5 Statistics on 2010 Orthopedic Surgeon Compensation and ExpensesWritten by Laura Miller | May 24, 2011
Here are five points about orthopedic surgeon compensation in different practice settings based on statistics from the Medscape Physician Compensation Report 2011.
1. Orthopedic surgeons in small cities earned the most. The population of the city where orthopedic surgeons were working had a significant impact on compensation level. Orthopedic surgeons practicing in small cities earned nearly $450,000 last year on average, and those in areas considered rural or small towns stood to earn at least $400,000. This is about $80,000-$150,000 more than surgeons practicing in the suburbs ($300,000) and in metropolitan areas ($321,000).
The report authors suggest that orthopedic surgeons practicing in small towns and cities might be more likely to consolidate into group practices, healthcare organizations or choose hospital employment, which yields higher annual salaries than solo practitioners.
2. Hospital employed orthopedic surgeons reported higher compensation. Orthopedic surgeons who were employed by hospitals reported the highest compensation, at more than $400,000 last year on average, with physicians who were in a single specialty group following close behind. Physicians who were partners in a private practice or members of a multispecialty group reported between $350,000 and $400,000 last year while solo practitioners reported an average of around $300,000 over the same period.
According to the analysis, physicians working in a single or multispecialty group was compensated on average less than 10 percent lower than those employed by hospitals. There was a $275,000 difference between orthopedic surgeons employed by the hospital and the lowest compensated group: private practice employee physicians.
3. More hospital employees than private practice physicians feel fairly compensated. Approximately 47 percent of orthopedic surgeon respondents reported feeling fairly compensated, and only 55 percent of physicians across the board felt their compensation was fair. More orthopedic surgeons in employment situations (56 percent) reported feeling fairly compensated than orthopedic surgeons in a practice setting (39 percent).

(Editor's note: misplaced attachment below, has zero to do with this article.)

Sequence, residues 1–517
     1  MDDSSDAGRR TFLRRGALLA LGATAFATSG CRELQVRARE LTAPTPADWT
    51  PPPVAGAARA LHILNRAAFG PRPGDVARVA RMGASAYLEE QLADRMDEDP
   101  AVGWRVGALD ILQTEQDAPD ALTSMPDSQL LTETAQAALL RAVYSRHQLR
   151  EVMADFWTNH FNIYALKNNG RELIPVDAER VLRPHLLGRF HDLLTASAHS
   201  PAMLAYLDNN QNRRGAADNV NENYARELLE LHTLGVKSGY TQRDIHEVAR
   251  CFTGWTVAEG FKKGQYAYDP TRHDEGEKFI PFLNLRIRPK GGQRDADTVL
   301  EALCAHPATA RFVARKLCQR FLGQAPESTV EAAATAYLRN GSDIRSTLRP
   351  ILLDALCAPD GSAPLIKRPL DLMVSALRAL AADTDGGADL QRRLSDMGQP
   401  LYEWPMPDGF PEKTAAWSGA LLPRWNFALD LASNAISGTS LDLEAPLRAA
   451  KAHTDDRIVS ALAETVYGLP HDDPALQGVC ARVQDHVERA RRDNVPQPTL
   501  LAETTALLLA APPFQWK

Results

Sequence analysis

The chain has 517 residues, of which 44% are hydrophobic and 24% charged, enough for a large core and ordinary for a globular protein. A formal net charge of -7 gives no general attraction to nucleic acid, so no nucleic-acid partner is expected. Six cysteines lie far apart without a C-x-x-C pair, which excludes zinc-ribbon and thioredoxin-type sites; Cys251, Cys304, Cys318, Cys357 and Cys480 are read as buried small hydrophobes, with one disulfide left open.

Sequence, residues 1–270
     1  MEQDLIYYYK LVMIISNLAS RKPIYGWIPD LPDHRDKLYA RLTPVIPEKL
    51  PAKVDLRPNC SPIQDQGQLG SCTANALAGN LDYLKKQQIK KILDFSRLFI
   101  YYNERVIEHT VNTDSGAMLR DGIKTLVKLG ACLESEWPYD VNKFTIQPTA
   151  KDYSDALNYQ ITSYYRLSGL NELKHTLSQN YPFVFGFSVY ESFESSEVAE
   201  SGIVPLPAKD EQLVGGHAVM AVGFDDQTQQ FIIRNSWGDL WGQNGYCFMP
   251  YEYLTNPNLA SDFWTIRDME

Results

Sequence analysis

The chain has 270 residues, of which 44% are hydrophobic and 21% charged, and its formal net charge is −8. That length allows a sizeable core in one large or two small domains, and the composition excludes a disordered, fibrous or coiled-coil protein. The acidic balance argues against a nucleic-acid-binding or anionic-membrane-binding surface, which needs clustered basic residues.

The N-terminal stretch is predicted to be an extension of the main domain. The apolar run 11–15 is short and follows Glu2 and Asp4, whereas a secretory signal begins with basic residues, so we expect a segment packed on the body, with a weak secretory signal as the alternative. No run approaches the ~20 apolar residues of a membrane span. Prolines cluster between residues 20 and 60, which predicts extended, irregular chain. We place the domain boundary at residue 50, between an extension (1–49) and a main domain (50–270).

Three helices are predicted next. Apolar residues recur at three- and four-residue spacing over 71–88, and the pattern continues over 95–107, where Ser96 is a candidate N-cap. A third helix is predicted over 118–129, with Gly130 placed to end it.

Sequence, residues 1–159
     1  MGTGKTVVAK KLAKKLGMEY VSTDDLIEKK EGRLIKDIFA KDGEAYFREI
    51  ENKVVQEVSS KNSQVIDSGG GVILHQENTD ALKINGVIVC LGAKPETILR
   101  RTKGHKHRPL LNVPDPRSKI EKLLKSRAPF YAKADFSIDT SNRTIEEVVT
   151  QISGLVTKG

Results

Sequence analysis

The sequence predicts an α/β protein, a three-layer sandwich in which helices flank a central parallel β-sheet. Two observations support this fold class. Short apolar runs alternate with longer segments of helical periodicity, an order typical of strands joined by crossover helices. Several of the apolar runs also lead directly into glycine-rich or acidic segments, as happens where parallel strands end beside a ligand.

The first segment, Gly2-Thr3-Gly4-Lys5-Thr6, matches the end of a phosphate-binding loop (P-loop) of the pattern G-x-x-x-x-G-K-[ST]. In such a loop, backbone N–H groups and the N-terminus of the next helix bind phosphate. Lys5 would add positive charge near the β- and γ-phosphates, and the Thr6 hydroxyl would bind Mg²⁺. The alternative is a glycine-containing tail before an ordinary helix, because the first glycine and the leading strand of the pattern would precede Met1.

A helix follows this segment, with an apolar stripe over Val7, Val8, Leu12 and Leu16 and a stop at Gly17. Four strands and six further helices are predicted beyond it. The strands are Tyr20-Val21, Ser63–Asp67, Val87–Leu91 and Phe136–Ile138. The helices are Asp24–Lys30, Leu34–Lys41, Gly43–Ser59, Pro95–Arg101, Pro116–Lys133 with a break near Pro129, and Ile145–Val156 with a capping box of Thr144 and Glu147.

4. Most orthopedic surgeons in private practice didn't reduce office costs. In 2010, nearly 70 percent of the private practice orthopedic surgeon respondents reported the inability to reduce office operating costs. Around 23 percent of respondents reported reducing costs by less than 10 percent and only about 7 percent reported decreasing costs by more than 10 percent. According to the report authors, concerns about the rising expenses were only second to concerns about Medicare and insurance reimbursement levels among orthopedic surgeons. The increased office expenses can be attributed to the high number of orthopedic surgeons investing in procedural equipment.
5. Nearly half of orthopedic surgeons have already or plan on investing in healthcare real estate. Around 28 percent of orthopedic surgeons reported investing in a surgery or clinical procedure center and another 3 percent more plan on investing in the future, according to the report. Investing in healthcare real estate can increase the physician's total compensation if the venture is successful. On the other hand, investing in healthcare real estate requires a significant upfront financial commitment and the uncertain healthcare environment could mean a decrease in these types of ventures in the future.
Read the report on physician compensation.
Related Articles on Physician Compensation:
5 Points on Which Orthopedic Surgeons Earned the Most in 2010
10 Statistics on Orthopedic Surgeon Compensation and Employment in 2010
5 Statistics on Sports Medicine Surgeon Compensation
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